« Reply #212 on: January 19, 2018, 04:43:04 PM »

The "enemy" in your case is lack of time and manpower.

That means that you'll need to keep the project as "bare bones" as possible, keep notes on all the "nice to have" features that you don't have time to implement (including all my invitations towards feature creep), and make sure that the basic architecture of the program is easily "expandable," to allow easy updates and additions by yourself or by future assistants/fans.

Ideally, you'll create the broad outlines of a program which sufficiently "open architecture" and "generic" enough that it can eventually handle everything from 1890s wing-warping gliders to supersonic 21st century stealth military aircraft, but with provision for fans or developers to collectively "lock down" vital portions of the game (e.g., plane lists, flight and damage models) as needed to preserve the integrity of online play.

What's got me excited about you might be writing a ground-breaking "sandbox" flight sim, since you're building tools to give fans/less skilled developers the ability to add content to the game, or tweak its basic parameters, from the very start.
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Unca-Fester

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Re: Weekly progress report
« Reply #213 on: January 21, 2018, 10:54:36 AM »


 I noticed that you're making an easy to use landscape/scenery modder as part of this new sim.  Have you thought of using Corine terrain and elevation mapping?  FlightGear uses Corine for all of the European Subcontinent and it's pretty brilliant.

  You notice this especially in the hillier parts like Eastern France, Switzerland/Austria and Northern Italy.  FlightGear uses TerraGear, a commandline/gui shell app ( depending on what OS you are using.) to generate the mesh that's rendered.  Problem is it tends to be made up of individual mesh objects as different land classes and there's a bit of an abrupt edge to the forests and cities.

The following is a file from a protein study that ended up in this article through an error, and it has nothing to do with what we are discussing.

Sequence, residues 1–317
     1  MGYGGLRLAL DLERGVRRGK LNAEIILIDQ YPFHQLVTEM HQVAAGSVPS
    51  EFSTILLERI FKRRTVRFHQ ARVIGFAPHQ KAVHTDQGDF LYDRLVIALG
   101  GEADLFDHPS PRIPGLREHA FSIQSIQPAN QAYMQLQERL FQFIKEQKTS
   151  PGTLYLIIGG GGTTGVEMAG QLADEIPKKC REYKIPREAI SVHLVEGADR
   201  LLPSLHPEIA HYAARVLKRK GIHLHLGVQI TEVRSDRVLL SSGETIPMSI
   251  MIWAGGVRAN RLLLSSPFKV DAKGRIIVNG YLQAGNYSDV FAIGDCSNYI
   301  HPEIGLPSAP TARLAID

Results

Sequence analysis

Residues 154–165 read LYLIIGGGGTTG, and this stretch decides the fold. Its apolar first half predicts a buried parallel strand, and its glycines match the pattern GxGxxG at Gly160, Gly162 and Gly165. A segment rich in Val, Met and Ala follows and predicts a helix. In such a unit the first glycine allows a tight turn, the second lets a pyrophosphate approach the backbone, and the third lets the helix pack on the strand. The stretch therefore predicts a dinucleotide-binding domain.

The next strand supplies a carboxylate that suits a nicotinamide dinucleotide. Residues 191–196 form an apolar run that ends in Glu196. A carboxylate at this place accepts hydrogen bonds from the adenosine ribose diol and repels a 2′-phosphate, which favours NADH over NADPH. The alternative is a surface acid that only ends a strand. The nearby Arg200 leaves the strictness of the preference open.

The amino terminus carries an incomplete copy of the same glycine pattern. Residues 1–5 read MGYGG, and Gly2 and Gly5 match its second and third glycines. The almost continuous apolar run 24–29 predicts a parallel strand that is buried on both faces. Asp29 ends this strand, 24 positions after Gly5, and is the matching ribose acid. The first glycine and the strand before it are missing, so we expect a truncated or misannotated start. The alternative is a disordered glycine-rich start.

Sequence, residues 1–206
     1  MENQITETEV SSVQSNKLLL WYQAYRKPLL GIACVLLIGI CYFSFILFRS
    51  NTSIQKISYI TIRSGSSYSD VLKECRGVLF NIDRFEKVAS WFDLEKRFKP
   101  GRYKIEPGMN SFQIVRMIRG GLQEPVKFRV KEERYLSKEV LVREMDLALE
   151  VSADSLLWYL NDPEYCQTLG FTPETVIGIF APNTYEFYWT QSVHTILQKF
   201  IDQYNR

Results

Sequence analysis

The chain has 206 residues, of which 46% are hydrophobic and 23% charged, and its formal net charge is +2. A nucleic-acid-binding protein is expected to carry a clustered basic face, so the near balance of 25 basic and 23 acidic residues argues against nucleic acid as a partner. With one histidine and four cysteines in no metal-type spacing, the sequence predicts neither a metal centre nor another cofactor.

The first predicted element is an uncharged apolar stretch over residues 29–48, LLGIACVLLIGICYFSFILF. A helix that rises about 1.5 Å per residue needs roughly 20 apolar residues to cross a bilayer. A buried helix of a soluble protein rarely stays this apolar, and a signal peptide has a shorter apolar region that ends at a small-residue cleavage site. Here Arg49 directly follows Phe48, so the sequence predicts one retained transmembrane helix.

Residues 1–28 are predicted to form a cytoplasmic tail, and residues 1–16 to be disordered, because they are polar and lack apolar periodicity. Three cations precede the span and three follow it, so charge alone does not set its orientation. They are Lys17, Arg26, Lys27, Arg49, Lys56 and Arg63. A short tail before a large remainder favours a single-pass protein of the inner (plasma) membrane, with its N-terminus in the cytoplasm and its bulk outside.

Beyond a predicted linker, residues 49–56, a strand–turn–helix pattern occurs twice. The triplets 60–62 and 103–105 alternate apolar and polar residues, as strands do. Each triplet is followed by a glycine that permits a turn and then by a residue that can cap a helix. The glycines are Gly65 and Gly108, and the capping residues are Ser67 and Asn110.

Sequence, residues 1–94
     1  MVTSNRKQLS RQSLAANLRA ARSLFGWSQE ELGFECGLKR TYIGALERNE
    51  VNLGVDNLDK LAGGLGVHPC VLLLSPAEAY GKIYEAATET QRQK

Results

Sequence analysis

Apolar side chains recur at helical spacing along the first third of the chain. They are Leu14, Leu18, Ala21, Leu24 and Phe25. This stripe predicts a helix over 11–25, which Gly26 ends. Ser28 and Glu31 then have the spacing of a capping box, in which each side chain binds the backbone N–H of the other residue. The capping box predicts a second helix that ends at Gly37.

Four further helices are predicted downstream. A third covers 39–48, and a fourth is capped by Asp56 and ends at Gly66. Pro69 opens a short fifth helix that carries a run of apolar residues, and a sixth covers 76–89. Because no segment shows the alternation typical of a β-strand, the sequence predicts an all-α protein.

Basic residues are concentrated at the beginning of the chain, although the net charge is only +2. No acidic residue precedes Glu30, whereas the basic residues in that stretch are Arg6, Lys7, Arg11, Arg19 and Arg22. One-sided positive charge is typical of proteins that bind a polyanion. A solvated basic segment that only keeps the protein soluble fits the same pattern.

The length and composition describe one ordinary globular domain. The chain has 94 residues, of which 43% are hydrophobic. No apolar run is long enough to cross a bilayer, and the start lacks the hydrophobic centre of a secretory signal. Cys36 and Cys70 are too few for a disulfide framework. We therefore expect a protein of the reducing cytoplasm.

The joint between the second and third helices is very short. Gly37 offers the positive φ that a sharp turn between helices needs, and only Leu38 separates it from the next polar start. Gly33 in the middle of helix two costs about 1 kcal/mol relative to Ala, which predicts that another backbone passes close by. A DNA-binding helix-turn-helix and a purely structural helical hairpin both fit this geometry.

You can export out these terrain meshes using a little Blender Py. script to modify them, since FG uses a true spherical mesh for the world, each .1 degree by .1 degree mesh 'chunk' interlocks with it's neighbors and when you import/export you have to work with it based on it's local orientation.
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Stainless

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Re: Weekly progress report
« Reply #214 on: January 22, 2018, 02:36:35 AM »

I've looked at it, but it has some massive problems.

What you end up with is little kind of round patches. Typically a dozen verts about a central point.

These are splattered around to form the entire terrain.

This makes it incredibly difficult to make these terrain splats into a consistent landscape. It works great for rough areas , but for low rolling hills you tend to end up with discontinuities.

 


This is a shot from my test app. Not easy to see from a still, but if you look at the water line you get an impression of what I am seeing.

I may use it as a base data server, but it needs a very different handling system to make it look as good as I want it to.


Hmmm don't know why but the image is not showing up.






Problem with postimg maybe?
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Unca-Fester

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Re: Weekly progress report
« Reply #215 on: January 22, 2018, 09:11:43 AM »

yeah I know exactly what you're talking about.  So you can import .btg's?

 I made sim ride-able motorcycles for FlightGear a few years back, and one of the first courses I tried out was the Isle of Man TT course.   And with the roads being strips of triangles they would have all sorts of weird off camber slopes perpendicular to their length.   Especially, like you're saying, on otherwise flattish terrain.

  It is especially bad on arroyos and little valleys where the road has to pick up it's vertex cues from the landscape to either side. 

I will say there's few things in favor of FG's scenery, that there's no other sim, WWI era or otherwise, that has captured the look of the Somme Valley.    Most sims make the river as a snaking strip of water.

  It's not anywhere near that shape,  it's more of a series of hundreds of little oxbow lakes and U shaped wetlands joined by a small river, and it is accurately done in the Corine sourced mesh, it may be a bit angular in places, but from a distance it's unmistakable.